## Monday, January 12, 2009

### Eleven Plus - Moving Home 05/01/09

You hear of a good school. You then receive an offer on your house that is simply too good to be true. You don’t prevaricate or ask for a higher offer, you take the money and run. Where could you go? Close to that `wonderful’ school. You surmise that this is the school that will bring out the best in your child. (Last year 32 children out of 60 passed the Eleven Plus. Only 3 passed in the school your children are in at the moment.)

If over half the children passed last year – what are the chances of the same happening this year?

You know that last year, Year 6 had a gifted teacher who loved the Eleven Plus and loved working children hard. 26 out of thirty in her class passed last year. In the new school you hear that the good teacher has been moved to different class lower down the school. The teacher who is taking the present pre Eleven Plus children is more interested in drama and sport. She never sets any extra homework unless the children remind her.

If we had to use statistical tools to work out if the was worth moving to the new school we would need to be able to look at the numbers of children who won grammar school places over some time. It may also be useful to look at the difference is scores between the two groups of children. One method would be to apply some of the many different formulas associated with correlation. After all if you are going to take the plunge and move, you will want to be sure that the data is both accurate and meaningful.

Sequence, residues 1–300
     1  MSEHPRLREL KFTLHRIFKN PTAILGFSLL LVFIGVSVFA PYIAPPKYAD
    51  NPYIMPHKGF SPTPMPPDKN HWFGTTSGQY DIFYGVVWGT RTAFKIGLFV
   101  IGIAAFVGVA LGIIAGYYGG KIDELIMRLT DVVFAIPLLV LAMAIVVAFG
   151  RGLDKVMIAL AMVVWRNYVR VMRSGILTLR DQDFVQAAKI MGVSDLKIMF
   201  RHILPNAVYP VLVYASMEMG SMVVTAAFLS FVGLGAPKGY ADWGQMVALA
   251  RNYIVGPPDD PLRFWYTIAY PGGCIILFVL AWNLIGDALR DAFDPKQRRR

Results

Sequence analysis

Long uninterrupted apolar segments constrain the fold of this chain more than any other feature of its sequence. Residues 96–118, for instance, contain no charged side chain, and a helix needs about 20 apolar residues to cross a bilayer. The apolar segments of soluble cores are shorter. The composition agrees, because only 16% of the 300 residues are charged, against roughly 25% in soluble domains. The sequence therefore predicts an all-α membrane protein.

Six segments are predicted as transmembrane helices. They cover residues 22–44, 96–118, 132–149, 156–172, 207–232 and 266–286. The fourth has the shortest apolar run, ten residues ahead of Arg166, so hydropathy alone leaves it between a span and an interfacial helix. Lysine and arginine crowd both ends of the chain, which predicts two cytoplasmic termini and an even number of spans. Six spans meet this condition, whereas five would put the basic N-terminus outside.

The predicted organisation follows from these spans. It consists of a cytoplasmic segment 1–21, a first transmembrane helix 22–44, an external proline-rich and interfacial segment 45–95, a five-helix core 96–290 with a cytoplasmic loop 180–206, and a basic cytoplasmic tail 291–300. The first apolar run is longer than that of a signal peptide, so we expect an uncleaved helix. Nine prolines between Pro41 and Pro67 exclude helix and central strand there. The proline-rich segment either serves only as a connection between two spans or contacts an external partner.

The statistically informed test expert will need to be able to use clear and appropriate language when offering you conclusions.

We know that it must be possible to correlate success in eleven plus examinations with future success at `A’ level. To do well at `A’ level requires much more than attending a grammar school. We must presume that a certain percentage of children who pass the Eleven Plus will be successful. There must also be other children who did not pass the eleven plus – yet do go on to have a successful school career.

To help parents make their decision `to move or not to move’ the mothers and fathers will need to look at the new school in terms of:

Children who if selected would succeed at grammar school.

Children who were rejected by the grammar school system did succeed.

Children who if selected would fail academically at grammar school.

Children who were rejected, and then went on to fail.

There are very real problems for parents to try to face when they are deciding whether to move into an area which has a successful school.